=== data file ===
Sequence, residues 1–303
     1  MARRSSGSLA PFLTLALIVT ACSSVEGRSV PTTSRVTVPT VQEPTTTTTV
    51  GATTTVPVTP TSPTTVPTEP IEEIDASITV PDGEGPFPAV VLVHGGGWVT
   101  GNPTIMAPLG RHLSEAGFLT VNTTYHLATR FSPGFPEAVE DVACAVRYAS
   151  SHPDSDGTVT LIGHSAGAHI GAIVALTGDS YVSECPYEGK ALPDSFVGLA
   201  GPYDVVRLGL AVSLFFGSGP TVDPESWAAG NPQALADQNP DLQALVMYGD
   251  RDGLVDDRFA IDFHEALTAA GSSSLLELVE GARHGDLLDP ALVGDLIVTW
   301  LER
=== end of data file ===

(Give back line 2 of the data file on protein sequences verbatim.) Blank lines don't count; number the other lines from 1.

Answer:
     1  MARRSSGSLA PFLTLALIVT ACSSVEGRSV PTTSRVTVPT VQEPTTTTTV